ELKHART — “There is something that is undeniable in the soul of our nation that is very violent.”
So said Fred Kauffman, a man on a mission to slow down the flow of illegal guns in the U.S., and to educate communities about the underlying issues related to gun violence.
Kauffman is a Mennonite pastor from Philadelphia, and on Saturday, March 23, 2013, he gave a presentation at Hively Avenue Mennonite Church, where a group of more than 30 people gained new perspectives and then discussed what could be done to make a difference.
“We have to jump in our backyards. Vigils are important,” said Kauffman.
“This has to stop, this is ridiculous,” Kauffman and other religious leaders from the Philly area came to realize as gun trafficking and violence was getting completely out of control. Together, they became involved in an attempt to establish a responsible firearms-retailer partnership among local gun shop owners.
Their vigilant efforts eventually led to a demonstration and arrests in front of one Philadelphia gun store, whose owner refused to sign a “Code of Conduct” to reduce illegal trafficking of guns.
Kauffman is the MCC (Mennonite Central Committee) Philadelphia Program Coordinator, whose congregation partners with Kingdom Builders Anabaptist Network of Greater Philadelphia, a group of 28 congregations and 12 ministries, and their goal of constant vigilance to inspire hope, raise voices, and take action to end gun violence is “Heeding God’s call.”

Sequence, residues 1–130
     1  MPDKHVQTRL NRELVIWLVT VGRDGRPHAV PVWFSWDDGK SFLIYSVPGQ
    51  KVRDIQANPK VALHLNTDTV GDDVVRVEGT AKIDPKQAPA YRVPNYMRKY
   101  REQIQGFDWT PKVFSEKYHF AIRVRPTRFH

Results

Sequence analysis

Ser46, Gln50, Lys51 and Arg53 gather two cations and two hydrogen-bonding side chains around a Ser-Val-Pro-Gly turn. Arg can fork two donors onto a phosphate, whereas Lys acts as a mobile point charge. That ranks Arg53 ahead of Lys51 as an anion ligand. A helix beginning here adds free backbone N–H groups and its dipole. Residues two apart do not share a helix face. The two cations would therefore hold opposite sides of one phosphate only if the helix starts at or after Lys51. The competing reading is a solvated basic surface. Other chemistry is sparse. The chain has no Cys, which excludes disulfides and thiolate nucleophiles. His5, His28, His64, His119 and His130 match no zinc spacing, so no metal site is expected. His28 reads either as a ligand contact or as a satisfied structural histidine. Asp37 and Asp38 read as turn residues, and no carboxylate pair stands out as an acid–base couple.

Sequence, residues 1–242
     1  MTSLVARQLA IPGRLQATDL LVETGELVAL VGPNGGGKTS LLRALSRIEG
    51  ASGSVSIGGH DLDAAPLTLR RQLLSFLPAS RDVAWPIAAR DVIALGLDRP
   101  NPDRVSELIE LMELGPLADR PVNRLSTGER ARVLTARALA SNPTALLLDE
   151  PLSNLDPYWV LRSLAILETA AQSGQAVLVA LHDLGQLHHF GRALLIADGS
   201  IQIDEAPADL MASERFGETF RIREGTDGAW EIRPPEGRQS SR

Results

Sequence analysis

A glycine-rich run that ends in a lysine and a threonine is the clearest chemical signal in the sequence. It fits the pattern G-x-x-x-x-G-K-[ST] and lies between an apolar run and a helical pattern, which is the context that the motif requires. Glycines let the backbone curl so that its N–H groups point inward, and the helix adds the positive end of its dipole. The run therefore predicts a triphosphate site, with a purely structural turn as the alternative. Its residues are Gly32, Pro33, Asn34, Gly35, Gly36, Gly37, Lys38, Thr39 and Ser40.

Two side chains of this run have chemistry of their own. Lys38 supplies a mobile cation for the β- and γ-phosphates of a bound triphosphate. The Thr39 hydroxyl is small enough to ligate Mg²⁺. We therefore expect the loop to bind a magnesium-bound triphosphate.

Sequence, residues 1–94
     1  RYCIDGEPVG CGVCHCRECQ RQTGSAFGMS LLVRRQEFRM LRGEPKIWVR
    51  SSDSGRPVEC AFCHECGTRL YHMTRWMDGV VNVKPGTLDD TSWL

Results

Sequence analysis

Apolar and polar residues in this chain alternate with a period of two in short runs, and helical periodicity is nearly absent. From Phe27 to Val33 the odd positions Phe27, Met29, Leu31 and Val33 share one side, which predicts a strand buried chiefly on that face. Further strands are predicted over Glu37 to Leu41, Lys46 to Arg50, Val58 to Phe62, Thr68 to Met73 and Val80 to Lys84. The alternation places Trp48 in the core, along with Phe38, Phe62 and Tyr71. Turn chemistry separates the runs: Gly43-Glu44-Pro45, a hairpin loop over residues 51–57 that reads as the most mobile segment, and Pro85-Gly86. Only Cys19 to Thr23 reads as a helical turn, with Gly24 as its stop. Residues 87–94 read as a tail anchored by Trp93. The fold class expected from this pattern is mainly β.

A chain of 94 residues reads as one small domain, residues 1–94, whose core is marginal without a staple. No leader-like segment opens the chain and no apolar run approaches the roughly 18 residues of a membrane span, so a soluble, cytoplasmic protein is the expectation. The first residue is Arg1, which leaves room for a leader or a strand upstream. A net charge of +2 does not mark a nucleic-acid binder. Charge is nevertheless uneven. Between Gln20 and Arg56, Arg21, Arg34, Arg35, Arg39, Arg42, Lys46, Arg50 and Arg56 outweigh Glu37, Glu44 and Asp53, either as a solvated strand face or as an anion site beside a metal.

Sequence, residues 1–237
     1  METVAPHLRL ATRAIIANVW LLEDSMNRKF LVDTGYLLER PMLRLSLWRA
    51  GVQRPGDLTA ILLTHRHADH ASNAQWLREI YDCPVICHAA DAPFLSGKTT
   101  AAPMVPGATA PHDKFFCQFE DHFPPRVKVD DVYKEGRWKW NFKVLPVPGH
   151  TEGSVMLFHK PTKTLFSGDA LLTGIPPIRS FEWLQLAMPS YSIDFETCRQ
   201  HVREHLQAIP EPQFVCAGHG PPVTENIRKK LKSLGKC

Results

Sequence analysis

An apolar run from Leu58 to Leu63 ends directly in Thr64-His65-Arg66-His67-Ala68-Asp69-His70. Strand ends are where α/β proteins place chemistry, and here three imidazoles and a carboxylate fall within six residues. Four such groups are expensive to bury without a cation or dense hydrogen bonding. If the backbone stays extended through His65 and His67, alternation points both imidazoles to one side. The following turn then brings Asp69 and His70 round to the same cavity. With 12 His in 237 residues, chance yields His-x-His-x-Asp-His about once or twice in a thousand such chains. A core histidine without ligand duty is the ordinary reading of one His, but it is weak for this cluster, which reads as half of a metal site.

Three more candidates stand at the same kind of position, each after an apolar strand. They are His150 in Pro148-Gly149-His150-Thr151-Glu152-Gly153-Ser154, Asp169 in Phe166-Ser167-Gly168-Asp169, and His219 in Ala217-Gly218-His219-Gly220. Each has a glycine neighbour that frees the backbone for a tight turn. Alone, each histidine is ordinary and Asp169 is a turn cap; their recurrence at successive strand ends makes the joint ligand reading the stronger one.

Handgun trafficking has become a major problem in America, and “straw purchasing” has compounded the problem. Kauffman talked about how the girlfriends of criminals and others who are unable to pass the required background checks are able to walk into gun shops and purchase multiple handguns, which their boyfriends will then distribute. “Gun shops are rarely held accountable for selling guns to straw purchasers,” said Kauffman.
Indiana has 1,334 licensed gun dealers — “twice as many as post offices” according to Kauffman — and on Saturday Kauffman and other religious leaders visited several shops within our area. The group visited Midwest Gun Exchange in Mishawaka to talk about “straw purchasing,” and were told “that most illegal guns are stolen.”
According to “Fear not: Seek peace” a MCC campaign that focuses on domestic violence, community violence (mostly from illegal guns), and national militarism, 85 percent of shops don’t have guns traced back to them, 15 percent do and the top 3 percent have most of the traces.
Kauffman told the group about the Tiahrt Amendment, which restricts distribution of information on gun crime traces. “It prevents the public from knowing where crime guns were traced to original sale,” he said.
“The number of people that die from assault weapons is small,” said Kauffman during his presentation. “The majority of gun deaths are by illegal handguns.” The pastor said that 50 percent of gun related deaths in his hometown are because of disputes, and both parties are carrying illegal handguns.
“One thing we can do is let our senators and representatives know how we feel,” said Kauffman, who in conjunction with MCC Great Lakes will continue to seek ways to establish peace within our communities.
The “Gun Violence Prevention Storytelling Tour” will include stops at schools, universities, and churches.